John Kenny and the Edinburgh Quartet,
Woodend Barn Arts Centre, Banchory
In addition to virtuoso trombonist John Kenny, there should have been a harp player with the Edinburgh Quartet on Thursday, but with Hugh Webb indisposed the entire programme had to be changed.
Nothing daunted, after his offstage Fanfare for Solo Trombone, John Kenny proceeded to astound the audience with a rip-roaring comic performance piece entitled La Belle et la Bête.
It culminated in a trombone striptease in which various components of the instrument were handed to the audience until only part of the slide was left and Kenny still managed to squeeze a tune out of that.
Beethoven's Quartet in A Op 18 No 5 could have seemed tame after such burlesque drollery but the Edinburgh Quartet made their Beethoven sizzle with a high-voltage performance, while in Eddie McGuire's Guest Quintet, the unlikely blend of trombone and quartet really jelled.
Etienne Rolin's Quick Sands for solo trombone was a vehicle for Kenny to demonstrate that the instrument can be made to imitate almost any sound from a pop gun to a steam train.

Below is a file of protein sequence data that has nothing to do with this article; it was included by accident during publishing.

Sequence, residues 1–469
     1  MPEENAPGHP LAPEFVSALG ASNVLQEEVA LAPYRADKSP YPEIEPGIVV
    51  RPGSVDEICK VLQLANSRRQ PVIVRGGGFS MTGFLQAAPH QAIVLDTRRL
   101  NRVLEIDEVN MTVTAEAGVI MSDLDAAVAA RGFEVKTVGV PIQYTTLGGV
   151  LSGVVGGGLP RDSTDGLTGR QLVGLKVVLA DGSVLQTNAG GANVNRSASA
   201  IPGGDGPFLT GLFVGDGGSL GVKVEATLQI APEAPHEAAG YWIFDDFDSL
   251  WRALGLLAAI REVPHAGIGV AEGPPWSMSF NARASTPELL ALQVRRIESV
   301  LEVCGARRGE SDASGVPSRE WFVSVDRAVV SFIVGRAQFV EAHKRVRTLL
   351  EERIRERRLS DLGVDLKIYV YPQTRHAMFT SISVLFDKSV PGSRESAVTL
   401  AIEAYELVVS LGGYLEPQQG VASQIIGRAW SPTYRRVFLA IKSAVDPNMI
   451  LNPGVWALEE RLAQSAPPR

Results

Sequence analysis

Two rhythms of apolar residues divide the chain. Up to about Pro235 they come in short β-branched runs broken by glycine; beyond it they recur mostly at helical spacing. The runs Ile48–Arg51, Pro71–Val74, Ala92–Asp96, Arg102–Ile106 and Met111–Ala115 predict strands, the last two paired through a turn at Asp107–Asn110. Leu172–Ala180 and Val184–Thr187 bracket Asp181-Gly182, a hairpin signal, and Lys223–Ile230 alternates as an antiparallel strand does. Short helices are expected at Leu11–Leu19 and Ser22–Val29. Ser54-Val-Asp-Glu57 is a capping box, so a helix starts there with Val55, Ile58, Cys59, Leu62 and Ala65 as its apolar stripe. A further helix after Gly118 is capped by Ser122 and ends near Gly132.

To follow, the Edinburgh Quartet gave us Quartet No 2 Op 26 by the Greek composer Philippos Tsalahouris. Its opening bars suggested the soundtracks of Hitchcock's more macabre suspense films but the second movement was surely a big fat Greek wedding.
Carrado Saglietti was once principal horn with the RAI orchestra in Italy. He now writes film music and his Suite for alto trombone and string quartet was just that: a gorgeous piece of light music to top the most astonishingly wide-ranging selection of music I have ever heard in a single concert.
Copyright Alan Cooper - published in The Herald, Glasgow (Newsquest Media Group)